A $100 bill, if you can keep it.

In the May 9, 2022 Wall Street Journal, Markos Kounolakis, a visiting fellow at the Hoover Institution, a former Moscow correspondent for NBC Radio, and the “second gentleman” of California, writes that he wants to hurt Russians by rapidly phasing out the U.S. $100 bills that many of them have. His article is titled “For Russia, It’s All About the Benjamins.”

Kounolakis writes:

So while sanctions have failed to dissuade Mr. Putin’s military aims, in part because they do little to affect the well-being of most Russians, rapidly phasing out the $100 could cause real domestic backlash against the war in Ukraine. In the current Russian banking environment, there wouldn’t be an easy way to convert these discontinued bills to other currency. Russians’ savings would be reduced to paper.

He explains:

It would be impossible then to hide the effect of Mr. Putin’s war from his base. President Biden should say that the $100 bill is terminated because of the Russian leader’s war in Ukraine and the violence he has inflicted on civilians. Mr. Putin can obscure and spin this all he wants, but Russians will still know that his actions led to their savings being wiped out.

Kounolakis has fallen victim to the idea that when country A’s government hurts people in country B because of actions of country B’s government, people in country B will go after their own government. The more likely effect is that they will unite with their own government against the nasty government of country A that did them harm. Putin’s actions may well have led the U.S. government to do the nasty thing to them. But they will know that the U.S. government’s actions “led to their savings being wiped out.” I discuss that in more detail here.

Kounolakis goes further. He writes:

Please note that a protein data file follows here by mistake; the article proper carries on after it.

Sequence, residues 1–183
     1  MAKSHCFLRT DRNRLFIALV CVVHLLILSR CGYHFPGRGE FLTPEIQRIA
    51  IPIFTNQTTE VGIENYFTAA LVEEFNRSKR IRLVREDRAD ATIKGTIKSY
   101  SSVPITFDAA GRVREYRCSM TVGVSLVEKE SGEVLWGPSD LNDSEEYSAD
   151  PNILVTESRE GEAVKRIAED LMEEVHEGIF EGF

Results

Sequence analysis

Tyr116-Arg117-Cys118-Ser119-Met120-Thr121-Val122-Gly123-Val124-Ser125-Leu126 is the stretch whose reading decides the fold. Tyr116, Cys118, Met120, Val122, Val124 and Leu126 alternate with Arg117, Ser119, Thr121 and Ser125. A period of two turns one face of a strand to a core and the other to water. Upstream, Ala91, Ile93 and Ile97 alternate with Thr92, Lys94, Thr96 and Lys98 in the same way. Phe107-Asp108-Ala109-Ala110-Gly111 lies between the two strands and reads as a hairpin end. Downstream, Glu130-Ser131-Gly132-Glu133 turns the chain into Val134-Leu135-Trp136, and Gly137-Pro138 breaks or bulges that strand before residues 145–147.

It could even be a good idea to sunset the $100 world-wide. Almost 80% of U.S. $100 bills reside overseas and a lot of that fuels bad actors. Easy-to-transport cash is a key to global corruption and crime, as former Treasury Secretary Larry Summers has argued. Large Western bills like the $100 are what terrorists and drug traffickers use to conduct much of their trade. This is how the still-circulating €500 bills got their moniker “bin Ladens.”

A lot of it fuels bad actors. But what percent? 50%? 20%? 10%? And although he talks about terrorists and drug traffickers in the same sentence, there’s a big difference. Terrorists generally kill innocent people. Drug traffickers sell drugs to willing buyers. Moreover, a lot of innocent people find $100 bills incredibly useful. Kounolakis might find it hard to believe, but about 5.4% of American households don’t have bank accounts. If he got his way, he would be inconvenienced very little. But his policy would inconvenience a lot of innocent people a lot.

And notice his last sentence, about €500 bills. One way the U.S. government gets revenue is with seigniorage on its currency. The U.S. dollar competes with the Euro and the Yen. While the U.S. dollar is still dominant, one disadvantage it has vis-à-vis the Euro is that the U.S. doesn’t have a $500 note. Kounolakis’s proposal would increase that disadvantage.

I rarely find the comments of readers on the Wall Street Journal’s site worthwhile. Today, however, was a rare exception. A number of readers had good criticisms of Kounalakis’s proposal. Here was my favorite, from John Guerin:

I just don’t like the idea of wiping out some innocent person’s retirement to hurt a dictator that feels no pain. A bridge too far.

Amen, John.

Trivial Note: The person whom Ben Franklin’s expression reminds me of is Jack Benny.